Motorola Mobility agreed to license its standards-essential patents in Germany to Apple, according to a filing on Monday (via FossPatents). In the deal, which chiefly includes cellular standard-essential patents, Apple agreed that it is legally responsible for past damages in connection to the patents. The timeframe for the treaty’s conception is unknown at the moment, with both firms also neglecting to reveal royalty rates in the paperwork. However, the courts in Germany could determine those rates based on FRAND policies. The admittedly biased, for-hire blogger Florian Mueller explained:
In a filing made late on Monday (August 27, 2012) with the United States District Court for the Southern District of California, the Google subsidiary has now confirmed the recent conclusion of a standard-essential patent license agreement with Apple. Under the agreement, Apple is now licensed to use some if not all of Motorola’s standard-essential patents in Germany, though the parties have not yet agreed on a FRAND royalty rate, which will ultimately have to be set by German courts unless they agree on a rate prior to its judicial determination.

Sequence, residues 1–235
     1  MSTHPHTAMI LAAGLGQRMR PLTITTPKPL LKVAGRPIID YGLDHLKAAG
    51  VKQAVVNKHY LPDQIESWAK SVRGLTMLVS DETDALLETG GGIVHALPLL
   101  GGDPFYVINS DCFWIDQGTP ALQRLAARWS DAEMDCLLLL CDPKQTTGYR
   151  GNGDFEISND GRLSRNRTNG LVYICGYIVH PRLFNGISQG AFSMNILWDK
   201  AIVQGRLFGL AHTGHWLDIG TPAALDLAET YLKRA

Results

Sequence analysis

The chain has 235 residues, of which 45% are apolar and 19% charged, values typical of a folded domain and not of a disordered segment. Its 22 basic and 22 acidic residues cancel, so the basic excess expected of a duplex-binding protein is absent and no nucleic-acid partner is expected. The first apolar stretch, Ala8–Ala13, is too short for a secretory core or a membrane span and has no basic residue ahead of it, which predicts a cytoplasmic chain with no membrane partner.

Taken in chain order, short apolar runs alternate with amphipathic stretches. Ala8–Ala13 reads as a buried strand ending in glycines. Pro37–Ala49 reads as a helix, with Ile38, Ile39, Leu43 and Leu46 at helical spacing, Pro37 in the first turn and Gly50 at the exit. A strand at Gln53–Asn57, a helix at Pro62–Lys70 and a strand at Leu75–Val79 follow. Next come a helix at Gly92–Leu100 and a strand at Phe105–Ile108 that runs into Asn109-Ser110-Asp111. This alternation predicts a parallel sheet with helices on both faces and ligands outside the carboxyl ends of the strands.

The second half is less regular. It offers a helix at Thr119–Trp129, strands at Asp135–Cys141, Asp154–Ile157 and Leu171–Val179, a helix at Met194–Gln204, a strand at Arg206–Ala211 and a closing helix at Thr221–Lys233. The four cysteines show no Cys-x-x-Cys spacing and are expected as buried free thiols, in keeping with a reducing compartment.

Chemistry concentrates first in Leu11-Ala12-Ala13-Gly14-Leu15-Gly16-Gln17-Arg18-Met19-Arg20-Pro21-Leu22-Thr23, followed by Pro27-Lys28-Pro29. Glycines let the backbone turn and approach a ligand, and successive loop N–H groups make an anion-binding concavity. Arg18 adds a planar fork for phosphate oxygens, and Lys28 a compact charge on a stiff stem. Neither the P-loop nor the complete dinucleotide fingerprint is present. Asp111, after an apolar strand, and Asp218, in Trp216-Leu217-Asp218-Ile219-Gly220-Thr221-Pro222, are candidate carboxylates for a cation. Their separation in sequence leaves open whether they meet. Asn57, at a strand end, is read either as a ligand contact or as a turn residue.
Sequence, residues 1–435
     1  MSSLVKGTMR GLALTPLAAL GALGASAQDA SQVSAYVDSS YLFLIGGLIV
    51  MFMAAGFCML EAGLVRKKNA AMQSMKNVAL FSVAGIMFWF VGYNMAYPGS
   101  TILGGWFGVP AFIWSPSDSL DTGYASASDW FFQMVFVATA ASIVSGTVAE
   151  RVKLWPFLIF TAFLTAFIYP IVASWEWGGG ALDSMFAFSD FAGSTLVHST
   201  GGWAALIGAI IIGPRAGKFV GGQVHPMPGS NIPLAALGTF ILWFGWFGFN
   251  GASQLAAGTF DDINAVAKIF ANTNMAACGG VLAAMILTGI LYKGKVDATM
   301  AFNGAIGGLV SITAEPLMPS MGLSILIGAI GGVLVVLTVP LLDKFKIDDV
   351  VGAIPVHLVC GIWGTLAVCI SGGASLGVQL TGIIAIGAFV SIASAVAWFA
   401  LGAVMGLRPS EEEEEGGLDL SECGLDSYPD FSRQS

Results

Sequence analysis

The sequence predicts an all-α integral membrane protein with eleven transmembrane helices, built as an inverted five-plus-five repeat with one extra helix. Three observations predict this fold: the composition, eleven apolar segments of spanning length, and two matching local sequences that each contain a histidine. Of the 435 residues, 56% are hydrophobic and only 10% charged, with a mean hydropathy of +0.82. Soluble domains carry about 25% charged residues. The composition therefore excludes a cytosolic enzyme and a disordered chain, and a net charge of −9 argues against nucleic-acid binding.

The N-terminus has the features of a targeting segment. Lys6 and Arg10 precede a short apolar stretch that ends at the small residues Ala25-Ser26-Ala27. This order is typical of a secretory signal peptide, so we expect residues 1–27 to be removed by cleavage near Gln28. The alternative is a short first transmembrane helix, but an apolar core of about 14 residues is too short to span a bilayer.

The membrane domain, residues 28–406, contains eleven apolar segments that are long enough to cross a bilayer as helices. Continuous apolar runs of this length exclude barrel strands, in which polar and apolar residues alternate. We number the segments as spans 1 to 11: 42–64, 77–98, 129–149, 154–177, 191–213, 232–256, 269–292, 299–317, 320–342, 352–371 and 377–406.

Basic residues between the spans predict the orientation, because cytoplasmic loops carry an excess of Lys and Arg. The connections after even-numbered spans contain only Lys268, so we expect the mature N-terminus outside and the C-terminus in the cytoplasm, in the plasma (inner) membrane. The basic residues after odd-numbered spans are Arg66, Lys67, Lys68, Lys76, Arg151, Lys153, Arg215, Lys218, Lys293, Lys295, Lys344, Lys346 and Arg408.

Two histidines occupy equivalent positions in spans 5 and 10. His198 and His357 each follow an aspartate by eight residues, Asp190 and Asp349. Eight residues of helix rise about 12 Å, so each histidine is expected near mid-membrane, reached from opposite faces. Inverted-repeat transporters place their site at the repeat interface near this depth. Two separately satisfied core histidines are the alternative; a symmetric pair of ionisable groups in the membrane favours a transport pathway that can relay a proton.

Motorola Mobility is a subsidiary of Google, which is Apple’s Android-developing arch nemesis in the mobile world, so it is interesting that the duo could reach an agreement. It makes one wonder if Samsung’s epic loss to Apple in the recent California-based patent trial has lawyers thinking settle rather than fight. While this most recent compromise is an indication that Motorola Mobility is taking the safer route, it could also be a sign that bloodshed over patents is coming to an end.
Apple was forced to cut German iCloud email push notifications because of the patents in questions. It will be interesting to see if Apple is allowed to turn on that feature again for German users.
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